Is privacy dead?
Big data is big business
In recent years it has become clear that in the modern world, everything revolves around having knowledge and information. Facebook and Google have grown huge by collecting data. They know exactly what someone is doing, when they are doing it and why. This knowledge is then sold commercially to parties such as advertisers. And it's not just the internet giants – other parties are also responding to these developments. By gathering information, you are better able to anticipate the questions your customers have or will have. The CRM systems are working all out to collect and analyse all the available information.
Service through customer awareness
The initial purpose of collecting information is to improve service. For instance, if a car rental company sees that you always rent a small hatchback, they know not to offer you an estate car. And the same is true for your preferred seat in an aeroplane – if you have always asked for an aisle seat, you will probably also want an aisle seat on future flights. This kind of information collection is relatively innocent, and you will probably even experience it as a good thing. But it can also be taken too far.
Where are we going?
Because more and more information is being collected and linked, businesses know a lot about their clients and customers – including some things you may not be aware of. Behind that innocent customer card at the supermarket is a gigantic database listing all the purchases you have ever made. Link this database to that of an airline, and you may well be served your favourite meal on your flight to Brazil. In the future, the music you listen to on Spotify might be linked to the in-flight entertainment system so you can watch your favourite artists' concerts during your flight. These are just a few examples of what may well become reality in the future.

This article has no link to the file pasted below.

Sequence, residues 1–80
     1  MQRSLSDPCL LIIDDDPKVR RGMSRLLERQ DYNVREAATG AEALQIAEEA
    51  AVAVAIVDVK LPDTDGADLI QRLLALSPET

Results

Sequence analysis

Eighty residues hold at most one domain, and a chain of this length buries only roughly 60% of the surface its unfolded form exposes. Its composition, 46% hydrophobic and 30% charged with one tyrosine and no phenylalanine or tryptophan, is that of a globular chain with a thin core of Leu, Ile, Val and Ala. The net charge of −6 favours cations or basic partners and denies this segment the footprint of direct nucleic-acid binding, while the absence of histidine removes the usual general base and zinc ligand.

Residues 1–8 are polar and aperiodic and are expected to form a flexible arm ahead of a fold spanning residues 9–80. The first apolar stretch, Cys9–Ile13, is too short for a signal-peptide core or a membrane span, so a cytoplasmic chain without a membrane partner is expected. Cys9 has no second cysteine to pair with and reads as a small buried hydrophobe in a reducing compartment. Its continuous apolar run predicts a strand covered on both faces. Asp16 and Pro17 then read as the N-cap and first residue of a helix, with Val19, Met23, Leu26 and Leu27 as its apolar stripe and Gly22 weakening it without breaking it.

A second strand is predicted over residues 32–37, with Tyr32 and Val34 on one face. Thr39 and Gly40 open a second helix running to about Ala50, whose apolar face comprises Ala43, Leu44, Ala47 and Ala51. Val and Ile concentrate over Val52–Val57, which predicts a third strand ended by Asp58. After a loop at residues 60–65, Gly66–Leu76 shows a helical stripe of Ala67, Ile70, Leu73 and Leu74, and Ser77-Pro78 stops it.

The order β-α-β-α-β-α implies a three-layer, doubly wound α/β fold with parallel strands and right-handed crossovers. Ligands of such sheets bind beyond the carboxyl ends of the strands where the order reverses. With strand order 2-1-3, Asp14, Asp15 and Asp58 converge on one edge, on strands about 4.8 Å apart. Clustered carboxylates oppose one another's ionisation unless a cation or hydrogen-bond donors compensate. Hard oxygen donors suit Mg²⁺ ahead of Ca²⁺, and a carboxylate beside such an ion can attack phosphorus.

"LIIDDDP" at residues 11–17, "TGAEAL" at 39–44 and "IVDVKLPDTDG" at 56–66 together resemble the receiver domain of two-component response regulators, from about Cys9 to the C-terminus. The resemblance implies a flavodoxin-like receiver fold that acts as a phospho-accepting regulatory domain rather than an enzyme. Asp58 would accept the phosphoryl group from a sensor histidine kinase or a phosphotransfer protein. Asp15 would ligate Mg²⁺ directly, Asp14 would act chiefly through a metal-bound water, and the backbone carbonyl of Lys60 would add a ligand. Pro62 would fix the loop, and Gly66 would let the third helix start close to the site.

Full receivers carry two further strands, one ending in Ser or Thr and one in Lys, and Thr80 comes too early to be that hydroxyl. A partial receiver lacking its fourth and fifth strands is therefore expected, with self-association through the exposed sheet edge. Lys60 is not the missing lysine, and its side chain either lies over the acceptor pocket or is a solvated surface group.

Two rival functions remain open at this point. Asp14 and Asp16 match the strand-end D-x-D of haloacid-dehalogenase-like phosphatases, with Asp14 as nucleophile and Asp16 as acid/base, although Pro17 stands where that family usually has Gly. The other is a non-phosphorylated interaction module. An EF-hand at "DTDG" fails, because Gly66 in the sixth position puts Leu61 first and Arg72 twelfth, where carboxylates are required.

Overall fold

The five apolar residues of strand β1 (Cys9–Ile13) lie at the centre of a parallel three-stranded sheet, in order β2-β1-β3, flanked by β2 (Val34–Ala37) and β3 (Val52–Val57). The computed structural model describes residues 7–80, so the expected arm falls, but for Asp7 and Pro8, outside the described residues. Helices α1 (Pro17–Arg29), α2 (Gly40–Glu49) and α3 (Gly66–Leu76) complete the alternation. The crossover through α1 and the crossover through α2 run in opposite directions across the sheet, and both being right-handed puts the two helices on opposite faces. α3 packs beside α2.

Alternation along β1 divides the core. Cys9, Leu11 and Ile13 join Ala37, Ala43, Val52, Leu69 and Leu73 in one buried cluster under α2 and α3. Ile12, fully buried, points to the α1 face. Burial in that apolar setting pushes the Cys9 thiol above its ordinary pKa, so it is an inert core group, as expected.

Are you prepared to give up privacy in exchange for more service?
You have already given up a lot of privacy without knowing it. For instance, Google knows everything about you on the basis of your search behaviour; and by accepting cookies on websites you are giving access to your online behaviour to the organizations behind those websites. There are already some airlines where the crew carries tablets or smartphones as they walk through the plane. They can assist you better if they know more about you. The consequence is that the air hostess may well suddenly congratulate you on your new job, because you have shared it on LinkedIn.
What answer would you give to the question I heard at the conference? Are you prepared to give up privacy in exchange for more service, and where would you draw the line? I look forward to hearing your opinion.
Result & Conversation Manager